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November 12, 2018, 05:48:52 PM *
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Author Topic: PC511: The Fumblers Alley Risk Emporium  (Read 823 times)
Ocicat
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Anything for a Weird Life


« on: February 28, 2018, 05:48:46 PM »

PodCastle 511: The Fumblers Alley Risk Emporium



Rated PG

Previously published by Urban Fantasy Magazine (December 2014).



Julian Mortimer Smith is a writer of science fiction and fantasy based in Yarmouth, Nova Scotia. His stories have appeared in Asimov’s, Terraform, Best American Science Fiction & Fantasy, and other venues. He is currently working on a fantasy novel for young adults.



Wilson Fowlie has been reading stories out loud since the age of 4 and credits any talent he has in this area to his parents, who are both excellent at reading aloud.

He started narrating stories for a wider audience than his wife and children in 2008, when he answered a call for readers on the PodCastle forum. Since then, he has gone on to become PodCastle’s most prolific narrator.

He’s also narrated for many other podcasts, including all of the Escape Artists casts, StarShipSofa, Tales to Terrify, Beam Me Up, Cast Macabre, Dunesteef Audio Fiction magazine, and the Journey Into… podcast. He fits in all this narrating between his day job as a web developer in Vancouver, Canada, and being the director of a community show chorus called The Maple Leaf Singers.

Listen to this week’s PodCastle!
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harrietpodder
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« Reply #1 on: March 07, 2018, 11:39:34 AM »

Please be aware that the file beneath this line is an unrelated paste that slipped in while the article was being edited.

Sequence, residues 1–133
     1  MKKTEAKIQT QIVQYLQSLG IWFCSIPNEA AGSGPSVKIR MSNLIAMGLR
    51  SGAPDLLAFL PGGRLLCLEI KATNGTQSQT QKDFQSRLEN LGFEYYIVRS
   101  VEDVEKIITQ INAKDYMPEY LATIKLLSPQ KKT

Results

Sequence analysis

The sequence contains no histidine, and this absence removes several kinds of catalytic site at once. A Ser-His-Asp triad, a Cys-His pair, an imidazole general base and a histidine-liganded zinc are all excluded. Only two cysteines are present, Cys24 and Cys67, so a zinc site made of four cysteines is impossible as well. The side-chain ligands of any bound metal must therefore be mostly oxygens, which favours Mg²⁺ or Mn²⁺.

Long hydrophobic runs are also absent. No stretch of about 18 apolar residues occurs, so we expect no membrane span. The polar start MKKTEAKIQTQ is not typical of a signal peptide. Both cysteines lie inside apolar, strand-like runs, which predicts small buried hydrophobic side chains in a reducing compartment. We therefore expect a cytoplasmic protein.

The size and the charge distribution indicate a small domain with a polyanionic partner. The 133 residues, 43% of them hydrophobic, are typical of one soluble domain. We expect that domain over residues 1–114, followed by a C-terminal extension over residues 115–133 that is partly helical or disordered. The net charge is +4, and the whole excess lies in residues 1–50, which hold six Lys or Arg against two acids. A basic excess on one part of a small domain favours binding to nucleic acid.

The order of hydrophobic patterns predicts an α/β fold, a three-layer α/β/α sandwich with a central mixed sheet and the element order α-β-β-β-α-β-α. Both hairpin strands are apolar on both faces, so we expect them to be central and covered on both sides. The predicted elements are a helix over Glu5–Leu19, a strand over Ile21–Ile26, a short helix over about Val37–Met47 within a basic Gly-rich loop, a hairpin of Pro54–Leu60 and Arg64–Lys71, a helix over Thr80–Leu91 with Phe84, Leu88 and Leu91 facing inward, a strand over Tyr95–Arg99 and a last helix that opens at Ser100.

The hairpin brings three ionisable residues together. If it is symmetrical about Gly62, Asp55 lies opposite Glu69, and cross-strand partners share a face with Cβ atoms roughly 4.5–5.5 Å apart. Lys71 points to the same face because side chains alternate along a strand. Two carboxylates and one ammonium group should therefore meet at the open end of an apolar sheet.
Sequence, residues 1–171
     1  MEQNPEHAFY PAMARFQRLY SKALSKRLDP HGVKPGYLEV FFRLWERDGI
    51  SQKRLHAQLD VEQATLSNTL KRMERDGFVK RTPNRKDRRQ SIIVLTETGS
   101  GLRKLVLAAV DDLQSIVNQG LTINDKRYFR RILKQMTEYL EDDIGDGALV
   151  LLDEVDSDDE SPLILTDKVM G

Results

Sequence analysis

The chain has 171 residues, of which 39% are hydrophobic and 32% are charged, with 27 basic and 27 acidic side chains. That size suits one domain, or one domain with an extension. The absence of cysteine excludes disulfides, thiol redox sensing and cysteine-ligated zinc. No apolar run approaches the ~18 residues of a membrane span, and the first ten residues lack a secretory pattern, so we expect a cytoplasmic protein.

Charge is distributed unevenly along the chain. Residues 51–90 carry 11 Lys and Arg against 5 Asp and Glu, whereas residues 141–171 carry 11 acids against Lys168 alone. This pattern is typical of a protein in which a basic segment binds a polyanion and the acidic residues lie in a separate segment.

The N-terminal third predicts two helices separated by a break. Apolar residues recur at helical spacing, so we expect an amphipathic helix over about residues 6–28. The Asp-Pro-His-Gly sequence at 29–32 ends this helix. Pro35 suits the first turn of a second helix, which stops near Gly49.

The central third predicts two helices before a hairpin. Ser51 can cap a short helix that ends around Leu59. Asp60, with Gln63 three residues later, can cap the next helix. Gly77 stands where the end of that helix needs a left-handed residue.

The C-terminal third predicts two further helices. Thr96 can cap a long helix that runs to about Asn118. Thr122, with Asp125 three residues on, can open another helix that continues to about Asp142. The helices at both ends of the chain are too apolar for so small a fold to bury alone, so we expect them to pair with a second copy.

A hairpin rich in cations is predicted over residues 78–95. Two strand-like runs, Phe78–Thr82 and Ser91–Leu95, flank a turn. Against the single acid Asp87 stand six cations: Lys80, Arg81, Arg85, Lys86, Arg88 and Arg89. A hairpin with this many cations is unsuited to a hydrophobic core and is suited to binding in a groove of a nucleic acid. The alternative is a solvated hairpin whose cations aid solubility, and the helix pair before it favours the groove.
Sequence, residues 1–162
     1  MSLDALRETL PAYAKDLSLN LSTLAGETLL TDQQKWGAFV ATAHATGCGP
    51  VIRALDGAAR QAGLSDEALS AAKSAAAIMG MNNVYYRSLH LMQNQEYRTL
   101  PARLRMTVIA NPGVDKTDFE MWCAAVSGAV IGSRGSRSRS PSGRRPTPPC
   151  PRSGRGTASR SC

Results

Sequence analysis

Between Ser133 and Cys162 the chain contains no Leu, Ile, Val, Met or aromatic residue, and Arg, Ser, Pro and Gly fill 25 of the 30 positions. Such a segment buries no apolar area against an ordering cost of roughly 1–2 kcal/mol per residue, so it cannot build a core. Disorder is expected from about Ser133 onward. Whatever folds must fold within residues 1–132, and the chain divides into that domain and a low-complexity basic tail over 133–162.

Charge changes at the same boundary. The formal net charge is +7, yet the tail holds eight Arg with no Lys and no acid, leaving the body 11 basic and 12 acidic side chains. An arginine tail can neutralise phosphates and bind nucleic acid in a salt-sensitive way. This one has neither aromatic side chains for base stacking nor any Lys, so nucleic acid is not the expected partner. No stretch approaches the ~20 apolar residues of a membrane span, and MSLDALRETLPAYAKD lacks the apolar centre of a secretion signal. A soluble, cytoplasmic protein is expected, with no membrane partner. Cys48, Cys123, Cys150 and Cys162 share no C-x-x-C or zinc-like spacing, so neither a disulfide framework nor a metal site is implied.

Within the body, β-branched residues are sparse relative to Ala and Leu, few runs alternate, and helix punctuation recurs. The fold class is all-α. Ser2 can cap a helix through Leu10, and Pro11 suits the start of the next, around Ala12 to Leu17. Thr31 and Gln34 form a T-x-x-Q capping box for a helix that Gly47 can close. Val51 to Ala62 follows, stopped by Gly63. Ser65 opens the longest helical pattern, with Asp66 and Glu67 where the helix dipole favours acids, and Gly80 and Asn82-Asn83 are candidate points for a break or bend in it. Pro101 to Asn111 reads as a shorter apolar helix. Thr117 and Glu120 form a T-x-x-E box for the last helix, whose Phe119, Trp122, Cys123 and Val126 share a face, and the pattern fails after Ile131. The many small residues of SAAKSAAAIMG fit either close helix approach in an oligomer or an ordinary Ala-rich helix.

help understanding? I don't see why taking the son's ability to laugh was a big deal. I mean, he could still find things funny; he just couldn't titter. I think taking away son's joy or enthusiasm would be worse. Did the ability to laugh symbolize the son's joy?
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Katzentatzen
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« Reply #2 on: March 09, 2018, 06:04:16 PM »

God this was so moving. I love old things with stories and this hit all the buttons. The imagery was amazing. I was praying for the main character not to make the choice that he did. I read it as the boy no longer taking delight in anything, and that's a fate worse than death.
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"To understand a cat you must realize that he has his own gifts, his own viewpoint, even his own morality."
--LILIAN JACKSON BRAUN
Onikaze
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« Reply #3 on: March 24, 2018, 02:26:47 PM »

help understanding? I don't see why taking the son's ability to laugh was a big deal. I mean, he could still find things funny; he just couldn't titter. I think taking away son's joy or enthusiasm would be worse. Did the ability to laugh symbolize the son's joy?

IMO, the laughter likely included impetus e.g. joy, humor, happiness.

This father sadly excels at making bad deals.
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“You Keep Using That Word, I Do Not Think It Means What You Think It Means.”
-Inigo Montoya

“When I use a word, it means just what I choose it to mean — neither more nor less."
-Humpty Dumpty \
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Matross
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« Reply #4 on: April 27, 2018, 04:29:07 PM »

This story is going on my list of favorites. Wagering against how well you know yourself is an interesting new concept. Not too hard to believe, but people must get it wrong fairly often for the shop to stay in business. There was a great balance between explaining how things worked in this world, while at the same time leaving everything totally mysterious. I also really enjoyed the imagery and emotions evoked. I wonder what the balance was when the ebony and silver were weighed? The wager made sense when we found out what it was for. At first I thought the father may have given the fox-man his own life to save his son, but how things actually went made for a better story.
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